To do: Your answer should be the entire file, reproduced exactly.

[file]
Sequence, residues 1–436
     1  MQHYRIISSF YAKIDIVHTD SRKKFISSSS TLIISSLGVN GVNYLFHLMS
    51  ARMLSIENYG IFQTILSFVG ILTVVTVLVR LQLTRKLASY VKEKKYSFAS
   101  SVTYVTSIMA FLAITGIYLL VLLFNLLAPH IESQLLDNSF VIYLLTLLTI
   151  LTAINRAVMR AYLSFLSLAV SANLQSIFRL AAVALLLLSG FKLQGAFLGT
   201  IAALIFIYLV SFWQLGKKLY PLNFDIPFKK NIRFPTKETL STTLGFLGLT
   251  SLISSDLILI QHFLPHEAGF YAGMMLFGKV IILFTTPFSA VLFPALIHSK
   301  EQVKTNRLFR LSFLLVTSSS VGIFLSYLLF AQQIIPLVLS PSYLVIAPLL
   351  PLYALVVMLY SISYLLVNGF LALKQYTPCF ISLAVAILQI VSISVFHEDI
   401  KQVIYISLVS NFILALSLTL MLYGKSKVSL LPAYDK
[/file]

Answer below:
Sequence, residues 1–436
     1  MQHYRIISSF YAKIDIVHTD SRKKFISSSS TLIISSLGVN GVNYLFHLMS
    51  ARMLSIENYG IFQTILSFVG ILTVVTVLVR LQLTRKLASY VKEKKYSFAS
   101  SVTYVTSIMA FLAITGIYLL VLLFNLLAPH IESQLLDNSF VIYLLTLLTI
   151  LTAINRAVMR AYLSFLSLAV SANLQSIFRL AAVALLLLSG FKLQGAFLGT
   201  IAALIFIYLV SFWQLGKKLY PLNFDIPFKK NIRFPTKETL STTLGFLGLT
   251  SLISSDLILI QHFLPHEAGF YAGMMLFGKV IILFTTPFSA VLFPALIHSK
   301  EQVKTNRLFR LSFLLVTSSS VGIFLSYLLF AQQIIPLVLS PSYLVIAPLL
   351  PLYALVVMLY SISYLLVNGF LALKQYTPCF ISLAVAILQI VSISVFHEDI
   401  KQVIYISLVS NFILALSLTL MLYGKSKVSL LPAYDK